In the introductory article for the ARCHIVE shirt, the words “reinventing” and “elevating” were applied to what Ministry of Supply (MOS) is doing for the rather humdrum world of the dress shirt. Though it doesn’t look like it at first, the ARCHIVE is indeed considerably different from pretty much every shirt in your closet. The differences, though subtle, are really quite significant.
The OMNIstretch fabric looks like a really crisp cotton broadcloth, but that couldn’t be farther from actuality. Instead, it is a remarkably luxurious blend of polyester (98%) and elastane (2%) that drapes beautifully, is seriously wrinkle-resistant, and provides just enough stretch to keep things civilized during a big overhead stretch or while reaching deep behind your desk to finally retrieve that favorite pen lost since last May. MOS, however, didn’t stop there.
When I discovered the six tiny holes under each arm, which I later learned are laser drilled (!), I thought that they really couldn’t achieve much in the way of venting, but as it turns out, they really do provide significant ventilation in a place that really needs it. Best of all, these holes, which are strategically placed toward the dorsal side of the shirt, are utterly invisible to everyone. In fact, I’d imagine most people who own an ARCHIVE shirt wouldn’t notice these holes if they weren’t listed prominently as one of the shirts many features.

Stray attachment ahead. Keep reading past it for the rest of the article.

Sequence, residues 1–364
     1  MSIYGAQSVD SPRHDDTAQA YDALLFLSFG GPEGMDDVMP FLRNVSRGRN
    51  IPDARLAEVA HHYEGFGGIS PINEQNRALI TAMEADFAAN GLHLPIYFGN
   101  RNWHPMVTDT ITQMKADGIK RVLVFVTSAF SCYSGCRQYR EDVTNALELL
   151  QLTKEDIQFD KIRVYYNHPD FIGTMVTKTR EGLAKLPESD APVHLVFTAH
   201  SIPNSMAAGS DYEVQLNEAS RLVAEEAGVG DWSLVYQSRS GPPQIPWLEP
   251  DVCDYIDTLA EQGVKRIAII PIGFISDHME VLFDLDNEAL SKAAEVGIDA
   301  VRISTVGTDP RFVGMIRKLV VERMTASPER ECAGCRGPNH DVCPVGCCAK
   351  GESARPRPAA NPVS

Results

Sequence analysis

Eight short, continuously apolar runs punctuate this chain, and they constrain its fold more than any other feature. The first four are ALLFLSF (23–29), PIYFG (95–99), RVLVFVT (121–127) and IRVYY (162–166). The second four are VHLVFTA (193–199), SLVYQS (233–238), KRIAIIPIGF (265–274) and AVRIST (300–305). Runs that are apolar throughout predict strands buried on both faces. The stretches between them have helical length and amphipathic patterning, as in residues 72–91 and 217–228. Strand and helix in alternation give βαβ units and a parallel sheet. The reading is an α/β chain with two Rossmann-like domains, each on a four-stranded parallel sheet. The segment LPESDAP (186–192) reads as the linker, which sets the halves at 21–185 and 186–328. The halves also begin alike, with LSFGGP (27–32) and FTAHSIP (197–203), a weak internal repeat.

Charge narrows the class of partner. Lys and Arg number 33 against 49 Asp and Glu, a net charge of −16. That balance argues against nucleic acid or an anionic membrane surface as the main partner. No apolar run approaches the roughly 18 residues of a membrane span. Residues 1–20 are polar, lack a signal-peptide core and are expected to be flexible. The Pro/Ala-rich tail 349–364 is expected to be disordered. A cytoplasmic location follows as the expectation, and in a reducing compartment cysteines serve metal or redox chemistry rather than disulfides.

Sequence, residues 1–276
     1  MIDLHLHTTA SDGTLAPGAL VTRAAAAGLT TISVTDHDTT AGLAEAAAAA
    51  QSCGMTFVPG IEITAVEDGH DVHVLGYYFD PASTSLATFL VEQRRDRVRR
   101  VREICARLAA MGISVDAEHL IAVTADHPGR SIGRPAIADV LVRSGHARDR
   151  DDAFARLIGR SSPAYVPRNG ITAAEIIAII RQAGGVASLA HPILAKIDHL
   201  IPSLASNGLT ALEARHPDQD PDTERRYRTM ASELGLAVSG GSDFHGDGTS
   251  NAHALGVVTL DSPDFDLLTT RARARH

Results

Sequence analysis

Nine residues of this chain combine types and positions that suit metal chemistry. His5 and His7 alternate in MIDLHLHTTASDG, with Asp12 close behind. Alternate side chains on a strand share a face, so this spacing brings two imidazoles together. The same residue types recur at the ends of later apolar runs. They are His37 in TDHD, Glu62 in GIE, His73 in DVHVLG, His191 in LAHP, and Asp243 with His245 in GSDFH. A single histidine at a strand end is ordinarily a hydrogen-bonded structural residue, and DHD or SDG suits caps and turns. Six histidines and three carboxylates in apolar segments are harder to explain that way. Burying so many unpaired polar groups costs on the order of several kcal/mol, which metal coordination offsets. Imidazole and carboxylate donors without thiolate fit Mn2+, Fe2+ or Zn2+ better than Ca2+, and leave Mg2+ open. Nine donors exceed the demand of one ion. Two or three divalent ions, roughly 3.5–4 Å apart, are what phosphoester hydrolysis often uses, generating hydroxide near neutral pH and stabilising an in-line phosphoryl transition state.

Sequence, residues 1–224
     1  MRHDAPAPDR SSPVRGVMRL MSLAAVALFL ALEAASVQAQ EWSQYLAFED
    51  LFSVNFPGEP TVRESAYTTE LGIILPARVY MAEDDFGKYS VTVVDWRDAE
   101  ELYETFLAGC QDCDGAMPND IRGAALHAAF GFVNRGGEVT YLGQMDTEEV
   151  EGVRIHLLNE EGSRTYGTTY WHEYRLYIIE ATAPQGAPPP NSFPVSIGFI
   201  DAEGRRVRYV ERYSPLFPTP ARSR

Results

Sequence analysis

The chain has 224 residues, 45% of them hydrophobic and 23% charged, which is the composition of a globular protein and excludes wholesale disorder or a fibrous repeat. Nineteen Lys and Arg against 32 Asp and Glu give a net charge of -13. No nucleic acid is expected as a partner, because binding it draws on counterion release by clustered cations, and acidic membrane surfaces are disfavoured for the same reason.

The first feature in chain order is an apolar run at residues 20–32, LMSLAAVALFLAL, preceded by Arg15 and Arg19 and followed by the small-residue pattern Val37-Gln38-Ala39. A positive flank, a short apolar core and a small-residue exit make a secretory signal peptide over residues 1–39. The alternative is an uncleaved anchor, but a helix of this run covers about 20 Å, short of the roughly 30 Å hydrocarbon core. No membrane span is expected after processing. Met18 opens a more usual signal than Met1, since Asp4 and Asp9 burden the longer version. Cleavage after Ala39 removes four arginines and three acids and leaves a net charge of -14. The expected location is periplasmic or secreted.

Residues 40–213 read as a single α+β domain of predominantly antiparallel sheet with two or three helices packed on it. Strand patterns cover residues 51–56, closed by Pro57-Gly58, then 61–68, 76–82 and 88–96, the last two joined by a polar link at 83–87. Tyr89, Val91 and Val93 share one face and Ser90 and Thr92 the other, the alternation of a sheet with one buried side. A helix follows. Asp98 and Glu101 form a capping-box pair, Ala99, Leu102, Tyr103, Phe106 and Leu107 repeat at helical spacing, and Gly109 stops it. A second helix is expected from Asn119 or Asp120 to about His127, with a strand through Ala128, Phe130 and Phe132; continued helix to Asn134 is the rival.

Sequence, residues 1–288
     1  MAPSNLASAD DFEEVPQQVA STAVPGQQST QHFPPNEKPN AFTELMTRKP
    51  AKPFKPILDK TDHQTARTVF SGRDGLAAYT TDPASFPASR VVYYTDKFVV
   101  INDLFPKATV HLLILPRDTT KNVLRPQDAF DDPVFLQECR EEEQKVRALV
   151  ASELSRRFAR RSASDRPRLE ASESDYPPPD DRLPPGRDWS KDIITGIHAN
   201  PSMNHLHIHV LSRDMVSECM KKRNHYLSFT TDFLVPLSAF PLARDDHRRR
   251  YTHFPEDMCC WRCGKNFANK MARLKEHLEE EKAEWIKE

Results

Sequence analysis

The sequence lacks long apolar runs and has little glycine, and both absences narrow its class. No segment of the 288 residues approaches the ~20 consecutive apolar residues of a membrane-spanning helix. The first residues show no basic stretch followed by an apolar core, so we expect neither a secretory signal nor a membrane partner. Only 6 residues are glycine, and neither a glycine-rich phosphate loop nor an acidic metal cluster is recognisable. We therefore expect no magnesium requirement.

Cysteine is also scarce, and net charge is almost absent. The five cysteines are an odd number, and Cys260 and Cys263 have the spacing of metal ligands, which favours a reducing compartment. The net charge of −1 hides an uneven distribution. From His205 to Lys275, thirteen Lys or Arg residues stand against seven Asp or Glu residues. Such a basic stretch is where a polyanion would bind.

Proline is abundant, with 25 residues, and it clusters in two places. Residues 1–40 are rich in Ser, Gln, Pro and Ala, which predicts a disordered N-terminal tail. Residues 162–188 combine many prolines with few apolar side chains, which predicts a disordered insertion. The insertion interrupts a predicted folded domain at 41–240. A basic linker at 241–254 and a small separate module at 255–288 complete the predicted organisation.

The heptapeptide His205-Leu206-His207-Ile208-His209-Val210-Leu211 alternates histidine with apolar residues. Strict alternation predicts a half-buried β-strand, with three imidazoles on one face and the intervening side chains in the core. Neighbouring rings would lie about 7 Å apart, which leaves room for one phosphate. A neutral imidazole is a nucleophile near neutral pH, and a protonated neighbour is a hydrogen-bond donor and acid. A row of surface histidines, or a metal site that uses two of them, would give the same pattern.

The brushed interior of the ARCHIVE, known as AEONfinish, is another one of those features that no one but the owner of the shirt would know about. Inasmuch as the exterior of the shirt is all business, the inside is all cozy and soft like the lightest fleece to ever grace your flesh. The ARCHIVE is chock full of nice little surprises like this.
Lastly, I get the impression that, in addition to the ARCHIVE being a seriously low-maintenance shirt, it is also built to last. Unlike most dress shirts that utilize single needle tailoring, which makes perfect sense for use on light materials, the ARCHIVE features EVERFUSE technology that bonds two or more layers of material together which adds structure in places where structure is needed like in the cuffs and collar. This is a seriously nice touch and quite a departure from the comparatively flimsy collars and cuffs of the average dress shirt.